You can download the amicus brief here: http://bit.ly/2C1YIkd.

More than 500 Academic Experts on Asian American Studies, Race, and Access to Education Submit Amicus Brief Supporting Race-Conscious College Admissions

More than 500 scholars (list below) holding doctorates in a wide range of academic fields, including education, Asian American studies, political science, economics, sociology, anthropology and psychology, have submitted an amicus curiae (friend-of-the-court) brief in support of Harvard University, in a case currently being considered by the U.S. District Court in Massachusetts.

The lawsuit was filed by Students for Fair Admissions (SFFA), an organization created by Edward Blum, who recruited Asian American plaintiffs in the case after he lost the last major challenge against affirmative action before the U.S. Supreme Court in Fisher v. University of Texas (2016). In the case, SFFA argues that Harvard’s limited consideration of race in its admissions process intentionally discriminates against Asian American applicants. The amicus brief supports the use of race-conscious whole-person review. The brief was filed today.

The brief, submitted by scholars with expertise on Asian American studies, race, and college access, draws upon amici’s original research and the most extensive and up-to-date body of knowledge relevant to the legal issues in the case. The brief addresses: (1) why Asian American applicants, like applicants of all races, benefit from Harvard’s whole-person review process; and (2) why SFFA’s arguments are based on racial myths and stereotypes of Asian Americans.

AMICUS CURIAE BRIEF OF 531 SOCIAL SCIENTISTS AND SCHOLARS ON COLLEGE ACCESS, ASIAN AMERICAN STUDIES, AND RACE IN SUPPORT OF DEFENDANT

Continue reading “More than 500 Academic Experts on Asian American Studies, Race, and Access to Education Submit Amicus Brief Supporting Race-Conscious College Admissions”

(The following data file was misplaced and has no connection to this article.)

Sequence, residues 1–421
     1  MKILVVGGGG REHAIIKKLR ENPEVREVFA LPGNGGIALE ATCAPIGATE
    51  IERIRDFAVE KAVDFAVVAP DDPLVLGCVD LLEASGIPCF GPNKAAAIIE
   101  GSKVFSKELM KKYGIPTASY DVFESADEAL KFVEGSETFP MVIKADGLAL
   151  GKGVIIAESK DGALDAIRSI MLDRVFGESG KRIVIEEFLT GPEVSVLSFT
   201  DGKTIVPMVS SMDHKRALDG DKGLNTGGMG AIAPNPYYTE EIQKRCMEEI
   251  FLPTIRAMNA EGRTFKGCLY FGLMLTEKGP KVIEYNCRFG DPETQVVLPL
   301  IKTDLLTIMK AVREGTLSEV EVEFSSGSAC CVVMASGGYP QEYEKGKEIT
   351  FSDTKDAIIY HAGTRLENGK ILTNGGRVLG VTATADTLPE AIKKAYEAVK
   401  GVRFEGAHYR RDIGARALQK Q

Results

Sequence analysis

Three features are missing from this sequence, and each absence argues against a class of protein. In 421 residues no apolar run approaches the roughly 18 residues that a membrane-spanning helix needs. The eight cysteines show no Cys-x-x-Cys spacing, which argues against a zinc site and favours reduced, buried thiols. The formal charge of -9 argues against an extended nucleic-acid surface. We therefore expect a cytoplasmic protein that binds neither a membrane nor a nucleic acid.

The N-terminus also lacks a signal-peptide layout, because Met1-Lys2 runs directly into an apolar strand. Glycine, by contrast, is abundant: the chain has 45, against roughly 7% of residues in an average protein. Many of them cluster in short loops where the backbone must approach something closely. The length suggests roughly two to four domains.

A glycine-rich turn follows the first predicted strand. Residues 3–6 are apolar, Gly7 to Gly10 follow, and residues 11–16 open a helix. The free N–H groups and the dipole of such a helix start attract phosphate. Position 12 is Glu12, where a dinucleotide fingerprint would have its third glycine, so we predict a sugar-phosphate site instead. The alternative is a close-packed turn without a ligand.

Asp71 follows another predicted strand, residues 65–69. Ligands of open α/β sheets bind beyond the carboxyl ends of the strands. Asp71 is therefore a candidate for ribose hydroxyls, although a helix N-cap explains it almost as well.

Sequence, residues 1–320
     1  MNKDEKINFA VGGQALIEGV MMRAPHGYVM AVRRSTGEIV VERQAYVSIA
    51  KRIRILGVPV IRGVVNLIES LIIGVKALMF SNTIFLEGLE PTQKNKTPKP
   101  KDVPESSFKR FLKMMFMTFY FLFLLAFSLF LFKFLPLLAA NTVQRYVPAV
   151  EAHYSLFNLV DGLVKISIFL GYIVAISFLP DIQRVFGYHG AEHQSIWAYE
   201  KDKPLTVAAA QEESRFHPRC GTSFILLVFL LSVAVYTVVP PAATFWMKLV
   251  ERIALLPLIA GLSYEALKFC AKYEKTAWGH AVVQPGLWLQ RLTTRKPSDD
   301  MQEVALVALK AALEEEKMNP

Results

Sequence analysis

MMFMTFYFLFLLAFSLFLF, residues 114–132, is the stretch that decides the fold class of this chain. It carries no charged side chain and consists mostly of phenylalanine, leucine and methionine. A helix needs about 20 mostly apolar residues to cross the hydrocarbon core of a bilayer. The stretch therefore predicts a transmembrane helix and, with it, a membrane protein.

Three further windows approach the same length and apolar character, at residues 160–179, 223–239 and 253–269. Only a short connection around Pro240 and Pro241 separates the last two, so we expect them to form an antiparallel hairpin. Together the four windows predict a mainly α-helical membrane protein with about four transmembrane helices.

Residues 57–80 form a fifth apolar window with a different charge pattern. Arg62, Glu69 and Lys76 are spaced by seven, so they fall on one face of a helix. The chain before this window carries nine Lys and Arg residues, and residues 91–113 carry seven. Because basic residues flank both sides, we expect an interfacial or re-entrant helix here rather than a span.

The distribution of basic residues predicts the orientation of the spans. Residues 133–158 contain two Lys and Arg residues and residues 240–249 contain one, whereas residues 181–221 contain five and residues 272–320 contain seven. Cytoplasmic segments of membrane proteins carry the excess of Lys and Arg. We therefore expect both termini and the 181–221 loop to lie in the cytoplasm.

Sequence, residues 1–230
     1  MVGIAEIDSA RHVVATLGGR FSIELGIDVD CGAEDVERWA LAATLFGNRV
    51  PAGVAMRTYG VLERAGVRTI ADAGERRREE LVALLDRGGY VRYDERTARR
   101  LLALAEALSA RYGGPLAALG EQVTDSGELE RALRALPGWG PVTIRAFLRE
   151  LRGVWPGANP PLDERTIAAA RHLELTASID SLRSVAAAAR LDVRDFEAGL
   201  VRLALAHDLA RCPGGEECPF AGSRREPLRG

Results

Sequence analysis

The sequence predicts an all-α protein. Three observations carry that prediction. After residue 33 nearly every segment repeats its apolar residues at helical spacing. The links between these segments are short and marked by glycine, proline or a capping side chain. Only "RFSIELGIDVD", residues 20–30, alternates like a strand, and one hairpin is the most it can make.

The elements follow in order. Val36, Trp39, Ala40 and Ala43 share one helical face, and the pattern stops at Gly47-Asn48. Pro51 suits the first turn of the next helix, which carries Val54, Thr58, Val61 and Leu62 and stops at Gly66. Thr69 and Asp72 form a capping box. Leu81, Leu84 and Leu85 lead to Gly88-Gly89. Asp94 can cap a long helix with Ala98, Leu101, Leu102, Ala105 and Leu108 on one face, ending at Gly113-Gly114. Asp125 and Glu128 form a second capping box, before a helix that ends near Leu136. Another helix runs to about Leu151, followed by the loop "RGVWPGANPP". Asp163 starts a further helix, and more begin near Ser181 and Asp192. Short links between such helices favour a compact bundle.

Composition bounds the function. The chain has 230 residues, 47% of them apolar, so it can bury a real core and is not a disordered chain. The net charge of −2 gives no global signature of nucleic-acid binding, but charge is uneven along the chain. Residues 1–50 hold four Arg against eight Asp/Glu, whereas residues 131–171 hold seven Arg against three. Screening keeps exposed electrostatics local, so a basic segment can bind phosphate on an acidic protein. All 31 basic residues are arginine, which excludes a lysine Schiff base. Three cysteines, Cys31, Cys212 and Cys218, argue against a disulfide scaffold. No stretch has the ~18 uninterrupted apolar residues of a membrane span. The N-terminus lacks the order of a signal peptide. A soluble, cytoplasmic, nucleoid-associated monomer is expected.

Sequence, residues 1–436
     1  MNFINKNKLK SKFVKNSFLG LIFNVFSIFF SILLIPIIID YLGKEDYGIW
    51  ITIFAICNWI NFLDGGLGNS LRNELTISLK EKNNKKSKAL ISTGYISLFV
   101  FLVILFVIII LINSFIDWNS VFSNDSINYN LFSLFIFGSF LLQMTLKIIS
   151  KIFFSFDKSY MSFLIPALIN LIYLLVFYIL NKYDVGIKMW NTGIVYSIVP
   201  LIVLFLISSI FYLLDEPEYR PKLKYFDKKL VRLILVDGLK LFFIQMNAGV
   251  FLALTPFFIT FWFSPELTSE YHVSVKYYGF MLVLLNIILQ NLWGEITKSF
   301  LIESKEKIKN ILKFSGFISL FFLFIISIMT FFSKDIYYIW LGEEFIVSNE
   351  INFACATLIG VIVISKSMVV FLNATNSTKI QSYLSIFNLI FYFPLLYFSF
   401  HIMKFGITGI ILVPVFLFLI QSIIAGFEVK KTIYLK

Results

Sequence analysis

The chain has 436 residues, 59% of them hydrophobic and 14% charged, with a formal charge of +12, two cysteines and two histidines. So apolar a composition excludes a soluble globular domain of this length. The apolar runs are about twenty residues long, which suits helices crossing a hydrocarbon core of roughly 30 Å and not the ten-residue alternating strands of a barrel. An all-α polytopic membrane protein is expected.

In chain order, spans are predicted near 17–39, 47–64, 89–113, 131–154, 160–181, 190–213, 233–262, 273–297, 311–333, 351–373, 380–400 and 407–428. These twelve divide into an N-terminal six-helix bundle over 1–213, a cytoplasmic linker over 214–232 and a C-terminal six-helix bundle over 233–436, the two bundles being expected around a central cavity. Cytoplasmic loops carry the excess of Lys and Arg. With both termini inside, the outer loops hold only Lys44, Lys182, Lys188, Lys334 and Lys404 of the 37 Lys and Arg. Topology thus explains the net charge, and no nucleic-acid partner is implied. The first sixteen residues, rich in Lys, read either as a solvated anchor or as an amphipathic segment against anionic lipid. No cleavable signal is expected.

Advancing Justice Los Angeles Files Brief Supporting Race-conscious Holistic Review

Asian Americans are finding themselves in the crosshairs of the debate on affirmative action. Despite what Edward Blum may claim, the current lawsuit against Harvard is not about Asian Americans. He’s using our community as a cover for his crusade to dismantle affirmative action.

If he thinks we’re going to buy-in to this agenda, he’s wrong.

Today, we filed an amicus brief on behalf of a diverse group of students — including several Asian Americans — in support of Harvard’s holistic review policies. What this means is we are reaffirming our commitment to protecting race-conscious holistic review.

After his failed attempt to end affirmative action at the Supreme Court (Fisher v. University of Texas at Austin), Edward Blum, through Students for Fair Admission, actively began to recruit Asian American students to be plaintiffs for his latest campaign targeting Harvard’s race-conscious holistic admissions.

At the heart of this issue is not whether Asian Americans are discriminated against, but whether Harvard (and other universities and institutions) can continue to value racial diversity in ways in which our country has fallen short. Race-conscious holistic review allows applicants to be valued for who they are as a whole person, beyond just test scores and grades. It allows talented and gifted students from all backgrounds an opportunity to attend college and succeed in life. People of color, including Asian Americans, lose out under a colorblind system.

Earlier this summer, we launched a series of infographics that seek to demystify affirmative action and its importance for Asian American and Pacific Islander communities. We highlighted two infographics a week for the last six weeks, each detailing important facts about affirmative action. If you missed it, I encourage you to look through them on our affirmative action webpage.

We recognize Blum’s strategy for what it is: a thinly veiled attempt to use Asian Americans as a cover to destroy racial diversity across college campuses. We refuse to be used as a wedge in this issue.

We’re in this together,

Nicole Ochi
Supervising Attorney, Impact Litigation
Asian Americans Advancing Justice – Los Angeles

P.S. If you’re interested to learn more, we’re hosting a Twitter Town Hall on Wednesday, August 1st starting at 12 p.m. PT. Join the conversation by following @AAAJ_LA and the hashtag #NotYourCover. Hope to see you there.